2.2 Reynolds╦ Three Rules for Flocking/Herding Behavior
In 1987, Reynolds proposed three rules for simulating flocking behavior. Reynolds╦s insight of group behavior is that each entity follows relative simple rules; but, when taken as a whole, they move as an organized group. As pointed out by Reynolds, there are three rules, 1) separation, 2) alignment, and 3) cohesion. The direction an entity is moving is the sum of the above three force and the entity╦s original vector. Also, in Reynolds paper refers to each the moving entity as čboid,¸ and we will use this term for the rest of the paper. (See Appendix A for a description of the origin of the term čboid¸).
The first rule, separation states that a boid should move away from another boid when two of them are too close (See Figure 2.1.1 for an illustration from Reynolds╦ website ). This rule ensures there are spaces around each boid.
We implemented this rule by defining a range around each boid which we denote as the črepulsion range.¸ If two boid get too close, a repulsion force vector is generated away from each other. The total repulsion vector for a given boid is generated by summing all the repulsion forces from other boids within the repulsion range.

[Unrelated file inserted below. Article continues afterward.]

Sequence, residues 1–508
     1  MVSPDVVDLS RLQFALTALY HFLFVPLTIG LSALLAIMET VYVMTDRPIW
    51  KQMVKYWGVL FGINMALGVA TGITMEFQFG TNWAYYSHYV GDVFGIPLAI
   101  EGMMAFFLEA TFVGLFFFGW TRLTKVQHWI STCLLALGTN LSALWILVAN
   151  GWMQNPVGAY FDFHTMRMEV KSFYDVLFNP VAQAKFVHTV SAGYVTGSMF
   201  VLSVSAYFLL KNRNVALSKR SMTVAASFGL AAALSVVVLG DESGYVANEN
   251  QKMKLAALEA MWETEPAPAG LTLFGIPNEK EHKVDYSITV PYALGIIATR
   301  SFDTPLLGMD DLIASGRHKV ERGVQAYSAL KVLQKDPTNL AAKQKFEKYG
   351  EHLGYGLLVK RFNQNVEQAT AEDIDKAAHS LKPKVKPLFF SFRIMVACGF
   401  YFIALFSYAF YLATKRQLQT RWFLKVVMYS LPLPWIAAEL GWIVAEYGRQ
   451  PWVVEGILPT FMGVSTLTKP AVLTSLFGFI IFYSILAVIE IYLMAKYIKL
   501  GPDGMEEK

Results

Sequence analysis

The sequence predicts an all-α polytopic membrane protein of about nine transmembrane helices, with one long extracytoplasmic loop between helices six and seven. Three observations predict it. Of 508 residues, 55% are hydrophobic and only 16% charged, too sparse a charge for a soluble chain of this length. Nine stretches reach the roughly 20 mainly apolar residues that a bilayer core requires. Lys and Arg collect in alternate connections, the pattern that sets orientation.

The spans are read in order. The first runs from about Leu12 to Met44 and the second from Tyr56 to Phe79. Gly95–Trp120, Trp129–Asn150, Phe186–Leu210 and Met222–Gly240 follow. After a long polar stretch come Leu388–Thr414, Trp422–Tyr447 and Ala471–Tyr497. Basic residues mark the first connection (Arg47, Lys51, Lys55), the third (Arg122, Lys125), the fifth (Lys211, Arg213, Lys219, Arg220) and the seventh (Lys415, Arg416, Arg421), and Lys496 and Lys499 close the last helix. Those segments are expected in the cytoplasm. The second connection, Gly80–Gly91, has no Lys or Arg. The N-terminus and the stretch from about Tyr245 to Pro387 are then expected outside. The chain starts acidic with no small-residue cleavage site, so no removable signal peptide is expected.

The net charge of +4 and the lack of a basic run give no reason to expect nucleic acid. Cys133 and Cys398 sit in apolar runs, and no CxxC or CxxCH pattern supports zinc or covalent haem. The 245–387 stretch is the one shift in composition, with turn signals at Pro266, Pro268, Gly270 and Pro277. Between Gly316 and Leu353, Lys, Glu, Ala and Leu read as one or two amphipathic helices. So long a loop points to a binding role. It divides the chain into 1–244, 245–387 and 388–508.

The second rule, alignment indicates that a boid should move in the general direction of the neighboring boids. This rule aligns each boid to the direction that the group is moving toward (see Figure 2.1.2).
We implemented this rule by defining a vision range around each boid. And we sum up the directions the neighboring boids are heading within the range to get an alignment vector.
Picture taken from Reynolds╦ website <http://www.red3d.com/cwr/boids/>
The last rule cohesion indicates that a boid should move to the center of its local neighborhood. This rule ensures that each boid will stay close to the group (until the repulsion force starts pushing it away from the group).
We implemented this rule by calculating the center of the neighbor boids within the range, and then we calculate a vector from the current boid to that center point and get a cohesion vector.
2.3 Additional Rules